All IVs were clumped within a window of 10 megabase pairs (Mb) using a strict linkage disequilibrium (LD) threshold of (R2 = 0.001) to determine that the SNPs were independent. MR-Steiger analysis was utilized to assess the direction of the potential causal association between the extracted SNPs related to the risk factors and 28-day mortality in sepsis [24]. Subsequently, we harmonized the SNPs in both the exposure and outcome datasets by aligning the coded and reference alleles and excluded any potential SNPs with incompatible alleles or palindromic SNPs, which were defined as having an ambiguous minor allele frequency of < 0.01 [25]. Given that missing SNPs had a negligible effect on the results, we used only the available SNPs for all traits as IVs and did not replace any missing SNPs with proxies in the outcome data [26]. We estimated the proportion of phenotype variance explained by all SNPs and assessed their strength using the F-statistic (beta2/se2) and a threshold of F > 10 was considered sufficient, aligning with the first MR assumption and avoiding bias towards weak IVs [27]. To meet the second and third criteria for MR, we used the PhenoScanner database ( to identify any previously reported associations of potential confounders with the SNPs used as instruments.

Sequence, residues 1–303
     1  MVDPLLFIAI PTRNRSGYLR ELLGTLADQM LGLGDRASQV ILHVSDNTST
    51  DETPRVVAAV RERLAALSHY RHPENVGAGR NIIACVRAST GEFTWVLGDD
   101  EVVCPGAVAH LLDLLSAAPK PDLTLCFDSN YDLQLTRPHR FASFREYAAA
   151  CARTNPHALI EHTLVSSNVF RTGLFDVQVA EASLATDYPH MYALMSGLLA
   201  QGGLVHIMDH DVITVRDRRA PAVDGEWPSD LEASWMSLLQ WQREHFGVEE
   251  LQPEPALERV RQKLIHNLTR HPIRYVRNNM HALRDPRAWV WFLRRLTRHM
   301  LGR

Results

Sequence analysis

Data sources for the outcome

We obtained summary-level genetic data for GWASs on 28-day mortality in sepsis from the IEU Open GWAS Project (ID: ieu-b-5086) (, which were analyzed using Regenie v2.2.4, with adjustments made for age, sex, chip type, and the first 10 principal components. In total, the study had 486,484 sample sizes from the European population, including 1,896 cases and 484,588 controls, for a total of 12,243,487 SNPs (Table 1).

Retrospective study